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Talk and Talkers of To-day., Issue 8006, 7 September 1889, Supplement
Talk and Talkers of To-day.
In the July number of the ' New Review' there is an interesting article entitled ' Talk and Talkers of To-day,' in which the writer stoutly denies that the art of conversation is extinct in London society.
SOME GOOD PROVINCIAL TALKERS. Who are our best talkers ? In answering this question, we shall first exclude from our purview all provincial conversation. , We are, of course, well aware that in so doing we exclude much that is well worth close attention. No doubt there is plenty that is valuable and interesting to be heard in those academic circles, where men still cherish ttu icy sneers of the late Master of Trinity, awl encourage the snappish impertinences of the present Master of Balliol—even, we believe, in the " cultured " quarters of manufacturing districts, and in the villas where the literary ladies of Edgbas-,, . ton gather round the mystic tripod of Mr Shorthouae. But all this conversation we exclude, simply because its heroes are little -. ~ known in London, and we wish to illustrate the virtues and vices of conversation by reference to familiar examples. MR CHARLES VILLIERS. And now, when we come to consider and to analyse the best conversation of to-day, we obey a natural instinct when we think first of Mr Charles Villiere. His venerable age alone would entitle him lo this preeminence, for has he not been one of the best talkers in London for something like seventy years ? He has a delicate sense, of fun, a keen eye for incongruities and absurdities, and that genuine cynicism which springs not from the poor desire to be , thought worldly wise, but from a life-long acquaintance with the foibles of political men.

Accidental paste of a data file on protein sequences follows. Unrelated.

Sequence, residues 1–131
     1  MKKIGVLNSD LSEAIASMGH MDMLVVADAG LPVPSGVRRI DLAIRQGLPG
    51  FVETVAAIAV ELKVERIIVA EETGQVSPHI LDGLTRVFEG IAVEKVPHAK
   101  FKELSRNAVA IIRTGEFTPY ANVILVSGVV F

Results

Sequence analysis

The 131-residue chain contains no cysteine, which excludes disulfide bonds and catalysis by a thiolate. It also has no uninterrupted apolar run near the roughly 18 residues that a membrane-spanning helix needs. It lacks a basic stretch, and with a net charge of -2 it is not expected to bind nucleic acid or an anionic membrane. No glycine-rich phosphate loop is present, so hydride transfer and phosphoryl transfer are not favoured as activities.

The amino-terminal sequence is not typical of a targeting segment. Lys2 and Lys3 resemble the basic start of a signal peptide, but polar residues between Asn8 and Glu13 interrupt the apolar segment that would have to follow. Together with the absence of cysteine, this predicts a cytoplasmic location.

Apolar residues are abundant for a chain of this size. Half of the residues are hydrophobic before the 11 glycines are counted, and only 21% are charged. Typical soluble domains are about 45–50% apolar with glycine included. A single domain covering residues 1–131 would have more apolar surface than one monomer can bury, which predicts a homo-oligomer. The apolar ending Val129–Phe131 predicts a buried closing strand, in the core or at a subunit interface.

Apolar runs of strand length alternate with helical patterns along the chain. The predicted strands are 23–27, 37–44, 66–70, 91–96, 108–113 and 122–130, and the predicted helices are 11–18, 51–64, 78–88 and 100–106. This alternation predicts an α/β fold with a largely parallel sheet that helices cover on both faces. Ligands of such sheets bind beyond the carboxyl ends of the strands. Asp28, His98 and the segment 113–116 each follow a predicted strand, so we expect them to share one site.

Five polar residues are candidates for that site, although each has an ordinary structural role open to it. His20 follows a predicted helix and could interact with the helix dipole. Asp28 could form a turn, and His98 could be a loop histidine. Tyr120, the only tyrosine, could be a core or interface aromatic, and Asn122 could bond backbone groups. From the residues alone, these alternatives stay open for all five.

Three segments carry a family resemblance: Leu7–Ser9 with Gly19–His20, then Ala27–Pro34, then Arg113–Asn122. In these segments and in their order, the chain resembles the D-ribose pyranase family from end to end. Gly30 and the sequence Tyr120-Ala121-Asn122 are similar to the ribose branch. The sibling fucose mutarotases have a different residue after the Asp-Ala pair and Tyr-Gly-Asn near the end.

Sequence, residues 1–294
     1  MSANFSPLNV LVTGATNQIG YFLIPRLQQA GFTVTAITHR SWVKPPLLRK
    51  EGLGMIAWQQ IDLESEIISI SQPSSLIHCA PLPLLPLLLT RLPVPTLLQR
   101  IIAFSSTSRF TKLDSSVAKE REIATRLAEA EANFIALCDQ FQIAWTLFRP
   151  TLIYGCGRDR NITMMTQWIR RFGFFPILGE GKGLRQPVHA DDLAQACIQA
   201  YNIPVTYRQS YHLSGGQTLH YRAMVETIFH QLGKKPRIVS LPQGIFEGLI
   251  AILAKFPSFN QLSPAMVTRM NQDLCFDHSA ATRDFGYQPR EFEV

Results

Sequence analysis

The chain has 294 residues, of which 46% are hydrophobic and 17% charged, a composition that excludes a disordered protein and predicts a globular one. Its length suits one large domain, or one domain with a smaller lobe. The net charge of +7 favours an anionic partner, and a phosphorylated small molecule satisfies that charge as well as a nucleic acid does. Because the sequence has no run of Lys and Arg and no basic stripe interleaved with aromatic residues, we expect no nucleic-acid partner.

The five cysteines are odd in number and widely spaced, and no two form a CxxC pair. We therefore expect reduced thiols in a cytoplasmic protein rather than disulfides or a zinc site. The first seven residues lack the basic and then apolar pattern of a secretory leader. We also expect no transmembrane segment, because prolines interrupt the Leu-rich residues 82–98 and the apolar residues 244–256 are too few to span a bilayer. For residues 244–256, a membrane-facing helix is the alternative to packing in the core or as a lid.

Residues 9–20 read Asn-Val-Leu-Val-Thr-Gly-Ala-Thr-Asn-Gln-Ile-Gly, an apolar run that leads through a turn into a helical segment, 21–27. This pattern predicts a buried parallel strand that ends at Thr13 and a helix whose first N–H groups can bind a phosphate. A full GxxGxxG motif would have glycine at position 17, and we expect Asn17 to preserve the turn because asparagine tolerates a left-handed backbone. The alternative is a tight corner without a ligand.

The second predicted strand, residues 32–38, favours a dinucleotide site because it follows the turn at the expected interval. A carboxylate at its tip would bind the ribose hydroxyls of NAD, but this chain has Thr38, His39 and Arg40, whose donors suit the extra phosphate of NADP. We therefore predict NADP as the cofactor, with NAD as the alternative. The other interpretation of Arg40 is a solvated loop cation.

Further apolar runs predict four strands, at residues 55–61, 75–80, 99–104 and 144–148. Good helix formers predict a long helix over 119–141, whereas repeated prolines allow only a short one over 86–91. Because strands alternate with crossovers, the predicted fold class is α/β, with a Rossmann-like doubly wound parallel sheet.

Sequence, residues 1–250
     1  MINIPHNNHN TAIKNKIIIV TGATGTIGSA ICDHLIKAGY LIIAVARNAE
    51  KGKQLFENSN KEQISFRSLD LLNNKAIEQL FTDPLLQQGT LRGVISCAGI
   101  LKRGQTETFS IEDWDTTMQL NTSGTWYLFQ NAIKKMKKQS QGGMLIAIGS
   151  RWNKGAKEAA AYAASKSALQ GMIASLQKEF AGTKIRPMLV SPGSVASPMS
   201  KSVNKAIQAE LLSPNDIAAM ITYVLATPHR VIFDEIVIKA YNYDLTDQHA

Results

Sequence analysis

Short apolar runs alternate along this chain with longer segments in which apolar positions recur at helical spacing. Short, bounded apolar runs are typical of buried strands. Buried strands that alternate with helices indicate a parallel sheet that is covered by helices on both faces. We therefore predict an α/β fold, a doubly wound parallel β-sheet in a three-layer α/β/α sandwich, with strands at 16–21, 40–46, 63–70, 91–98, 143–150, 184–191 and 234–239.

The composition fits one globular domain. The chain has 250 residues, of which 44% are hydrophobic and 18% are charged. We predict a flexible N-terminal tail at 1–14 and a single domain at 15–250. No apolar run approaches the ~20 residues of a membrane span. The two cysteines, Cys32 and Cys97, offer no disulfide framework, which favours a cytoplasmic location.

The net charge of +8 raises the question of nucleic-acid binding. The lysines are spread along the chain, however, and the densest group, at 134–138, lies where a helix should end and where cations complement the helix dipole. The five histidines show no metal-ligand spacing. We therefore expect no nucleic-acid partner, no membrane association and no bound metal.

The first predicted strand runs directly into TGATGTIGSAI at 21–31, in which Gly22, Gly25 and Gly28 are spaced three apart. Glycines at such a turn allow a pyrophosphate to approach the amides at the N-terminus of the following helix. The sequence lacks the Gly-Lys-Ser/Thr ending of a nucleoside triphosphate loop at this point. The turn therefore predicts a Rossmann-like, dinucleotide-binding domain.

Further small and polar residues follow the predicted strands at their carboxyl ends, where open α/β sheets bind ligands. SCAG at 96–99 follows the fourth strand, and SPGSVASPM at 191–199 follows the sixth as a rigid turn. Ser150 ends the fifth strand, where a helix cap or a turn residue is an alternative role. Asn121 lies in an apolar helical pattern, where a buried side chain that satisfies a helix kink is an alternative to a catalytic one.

Mr Gladstone's talk with the queen. We have instanced Mr Villiers as an eminent talker. We now turn to an eminent man who talks—Mr Gladstone. An absurd story has long been current among stupid people with rampant prejudices that Mr Gladstone is habitually uncivil to the Queen. As a matter of fact the story is so ' ridiculously wide of the mark that it deserves mention only because, in itself false, it is founded on a truth which illustrates our subject. "I," said the Duke of Wellington on a memorable occasion, "have no small talk, and Peel has no manners." Mr Gladstone has manners, but no small talk. Hence, we believe, the genesis of the absurd story just quoted about his demeanor to the Queen. The astute Lord Beaconsfield used to engage Her Majesty in conversation about water-color drawing and the third-cousinships of German princes. Mr Gladstone harangues her about the polity of the Hittites, or the relations between the Athanasian Creed and Homer. The Queen, perplexed and uncomfortable, seeks to make a digression addresses a remark to a daughter, or offers a biscuit to a begging terrier. Mr Gladstone restrains himself with an effort, waits till the princess has answered or the dog has sat down, and then promptly resumes—" As I was saying——." SIR GEORGE TREVELYAN A GOOD TALKER.